How to Drive Chicago: Do Not Swerve into Oncoming Traffic to Avoid Potholes

31. Drive. There are 1.8 million potholes in Chicago proper. Do not swerve into oncoming traffic to avoid them. Come on. I’m astonished at how often I see this. If you need to avoid a pothole or any obstruction in your lane, slow down and do it cautiously . You may actually have to wait for oncoming traffic to pass before you maneuver around your pothole. Do not swerve to the left into approaching traffic at full speed causing the driver opposite you to hammer on their brakes. That is just acutely ignorant. The issue is on your side of the road. You’re the one that must yield. 

How to Drive Chicago: Zipper Merges 

23. Drive. All merges are zipper merges. Think about that phrase “zipper merge” and act accordingly. One car from the left. One car from the right. Do not deviate. Left, right, left, right. Whether you are entering the expressway, merging from 2 lanes into 1, or being redirected by construction, do it. It will speed everything up. 

Let people merge in front of you. It won’t ruin your life.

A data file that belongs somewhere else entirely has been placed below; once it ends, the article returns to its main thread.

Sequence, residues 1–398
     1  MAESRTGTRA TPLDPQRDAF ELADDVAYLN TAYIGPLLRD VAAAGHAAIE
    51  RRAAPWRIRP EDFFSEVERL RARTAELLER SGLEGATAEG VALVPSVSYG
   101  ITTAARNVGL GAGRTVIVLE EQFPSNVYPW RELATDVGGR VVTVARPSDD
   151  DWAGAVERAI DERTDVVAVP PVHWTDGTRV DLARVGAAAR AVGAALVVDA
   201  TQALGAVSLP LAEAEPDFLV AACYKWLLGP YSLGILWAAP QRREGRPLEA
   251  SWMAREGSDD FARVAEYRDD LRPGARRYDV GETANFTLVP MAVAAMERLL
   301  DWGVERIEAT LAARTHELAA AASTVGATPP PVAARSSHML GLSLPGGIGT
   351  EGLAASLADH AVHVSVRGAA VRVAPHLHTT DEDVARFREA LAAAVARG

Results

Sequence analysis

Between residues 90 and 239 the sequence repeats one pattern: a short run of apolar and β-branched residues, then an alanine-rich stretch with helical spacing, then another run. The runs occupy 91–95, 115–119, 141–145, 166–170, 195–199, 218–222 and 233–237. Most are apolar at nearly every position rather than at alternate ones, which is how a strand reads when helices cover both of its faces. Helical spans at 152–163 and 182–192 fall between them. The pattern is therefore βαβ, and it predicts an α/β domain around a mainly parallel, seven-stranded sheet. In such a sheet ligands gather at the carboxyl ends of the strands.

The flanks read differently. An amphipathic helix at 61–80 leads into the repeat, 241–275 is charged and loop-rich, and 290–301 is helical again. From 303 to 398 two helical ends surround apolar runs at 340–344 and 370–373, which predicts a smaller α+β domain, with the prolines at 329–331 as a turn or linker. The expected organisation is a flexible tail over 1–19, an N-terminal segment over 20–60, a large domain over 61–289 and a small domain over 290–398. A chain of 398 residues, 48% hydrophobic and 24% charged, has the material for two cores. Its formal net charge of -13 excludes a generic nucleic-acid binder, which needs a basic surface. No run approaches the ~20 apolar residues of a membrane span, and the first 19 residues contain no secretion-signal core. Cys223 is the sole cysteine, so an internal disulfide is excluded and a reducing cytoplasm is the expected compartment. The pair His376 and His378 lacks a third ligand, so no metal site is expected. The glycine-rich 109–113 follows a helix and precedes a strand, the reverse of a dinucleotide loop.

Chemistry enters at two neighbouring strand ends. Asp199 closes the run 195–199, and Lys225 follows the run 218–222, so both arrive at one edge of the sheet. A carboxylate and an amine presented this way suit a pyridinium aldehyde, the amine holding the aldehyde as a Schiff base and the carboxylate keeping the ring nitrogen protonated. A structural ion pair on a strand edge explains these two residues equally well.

How to Drive Chicago: Go Flashing 

22.  Drive. My wife mentioned the other day that my recent blog entries have drifted away from my supposed main theme of city driving. Fine. You want driving? I’ll give you driving. 

If you’re on the expressway, or anywhere for that matter and traffic ahead comes to an unexpected screeching halt, after safely breaking, immediately throw on your hazard lights to warn the vehicle rushing up behind you. It makes a difference and may help you avoid getting rear ended. I’ve been the hazard flasher and the flashee and it’s saved me in both instances several times. 

Love depressing that little triangular button on your center console? Then why not use it to warn the tailgater behind you that you’re about to parallel park. Some drivers simply stop abruptly and throw it in reverse. Others throw on a quick turn signal to halt the driver behind them to allow enough room to reverse and park. It’s often not enough time on crowded city streets. The driver in your wake  is too close. And the driver behind them is too close. Getting the whole chain to reverse is near impossible and you have to abandon your potential parking space. 

Throw on the hazards the second you find an upcoming space. It will warn the driver behind you that there’s something out of the ordinary going on ahead. If you’re lucky  she’ll leave you a little room.